Sonic booms aren't just cheesy ranged weapons that Guile from Street Fighter uses to defend his epic flat-top. They're the result of an aircraft breaking the sound barrier. And they can be loud enough to deafen E. Honda.
The nerve-rattling noise factor has restricted much supersonic travel to the world's oceans, limiting intercontinental flight to sub-Mach speeds. But a series of experiments being conducted by NASA are aimed at enabling a new generation of supersonic crafts that can dampen or even eliminate sonic booms.
NASA aerospace engineer Ed Haering today answered reader questions about "what it's like to try to tame a sonic boom," and included images of an F-15B prototype (left) modified with the awesome-looking Unicorn-like "Quiet Spike."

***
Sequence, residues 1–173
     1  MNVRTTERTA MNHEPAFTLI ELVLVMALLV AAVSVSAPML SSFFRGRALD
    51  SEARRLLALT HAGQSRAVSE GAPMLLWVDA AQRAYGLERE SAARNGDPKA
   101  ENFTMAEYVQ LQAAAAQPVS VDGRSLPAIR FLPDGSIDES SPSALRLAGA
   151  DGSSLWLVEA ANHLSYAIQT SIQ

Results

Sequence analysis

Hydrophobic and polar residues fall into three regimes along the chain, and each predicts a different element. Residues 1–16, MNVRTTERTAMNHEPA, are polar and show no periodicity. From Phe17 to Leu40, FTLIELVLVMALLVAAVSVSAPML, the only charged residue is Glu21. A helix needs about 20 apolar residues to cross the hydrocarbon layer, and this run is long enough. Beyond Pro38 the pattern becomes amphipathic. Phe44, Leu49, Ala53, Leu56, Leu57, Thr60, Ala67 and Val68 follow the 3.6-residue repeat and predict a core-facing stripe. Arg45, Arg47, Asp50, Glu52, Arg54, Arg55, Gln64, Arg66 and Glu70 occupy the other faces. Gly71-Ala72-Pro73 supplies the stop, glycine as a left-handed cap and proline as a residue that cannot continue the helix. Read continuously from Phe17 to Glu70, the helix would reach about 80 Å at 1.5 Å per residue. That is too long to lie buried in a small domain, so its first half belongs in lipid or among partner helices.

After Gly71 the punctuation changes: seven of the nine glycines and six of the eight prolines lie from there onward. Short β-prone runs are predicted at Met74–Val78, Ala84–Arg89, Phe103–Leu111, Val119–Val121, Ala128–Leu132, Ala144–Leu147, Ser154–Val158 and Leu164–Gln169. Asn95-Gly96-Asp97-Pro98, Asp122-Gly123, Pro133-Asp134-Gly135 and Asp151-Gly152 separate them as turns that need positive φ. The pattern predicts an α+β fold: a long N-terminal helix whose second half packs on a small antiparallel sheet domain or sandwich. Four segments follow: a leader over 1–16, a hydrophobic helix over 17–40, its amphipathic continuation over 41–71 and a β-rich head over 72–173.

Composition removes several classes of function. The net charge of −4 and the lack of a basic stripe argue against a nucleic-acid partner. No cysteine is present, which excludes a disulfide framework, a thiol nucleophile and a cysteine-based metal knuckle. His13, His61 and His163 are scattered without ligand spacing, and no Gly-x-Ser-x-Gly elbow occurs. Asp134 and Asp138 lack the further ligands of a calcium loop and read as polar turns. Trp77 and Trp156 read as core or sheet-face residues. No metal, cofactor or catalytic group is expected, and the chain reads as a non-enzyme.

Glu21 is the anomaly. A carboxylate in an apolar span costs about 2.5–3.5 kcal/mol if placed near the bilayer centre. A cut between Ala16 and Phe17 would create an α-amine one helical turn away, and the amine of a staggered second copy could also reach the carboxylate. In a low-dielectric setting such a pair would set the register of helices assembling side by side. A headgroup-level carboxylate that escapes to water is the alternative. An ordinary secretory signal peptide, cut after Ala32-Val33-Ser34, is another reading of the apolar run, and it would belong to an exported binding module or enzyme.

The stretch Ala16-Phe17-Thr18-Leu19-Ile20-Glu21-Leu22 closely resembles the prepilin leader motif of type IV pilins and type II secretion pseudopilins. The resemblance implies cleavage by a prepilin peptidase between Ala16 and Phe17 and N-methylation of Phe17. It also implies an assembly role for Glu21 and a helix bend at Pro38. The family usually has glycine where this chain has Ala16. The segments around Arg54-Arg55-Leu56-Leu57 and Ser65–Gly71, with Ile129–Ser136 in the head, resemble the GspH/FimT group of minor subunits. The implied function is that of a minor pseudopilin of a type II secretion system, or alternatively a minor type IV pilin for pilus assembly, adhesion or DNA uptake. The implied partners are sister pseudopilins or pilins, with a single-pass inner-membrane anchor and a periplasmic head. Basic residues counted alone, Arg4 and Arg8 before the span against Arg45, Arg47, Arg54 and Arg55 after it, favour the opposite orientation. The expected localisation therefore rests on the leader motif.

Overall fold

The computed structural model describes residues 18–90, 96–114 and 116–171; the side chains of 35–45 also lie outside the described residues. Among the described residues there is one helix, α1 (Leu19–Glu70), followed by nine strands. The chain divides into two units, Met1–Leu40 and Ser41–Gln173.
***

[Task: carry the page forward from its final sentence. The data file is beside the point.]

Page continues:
The retractable, 24-foot-long spike is mounted to the nose of the aircraft and creates three smaller shockwaves that travel all the way to the ground in parallel instead of building up to a sonic boom. That configuration greatly reduces noise when the aircraft goes Mach 1, or about 760 mph, the speed of sound at sea level. … Read more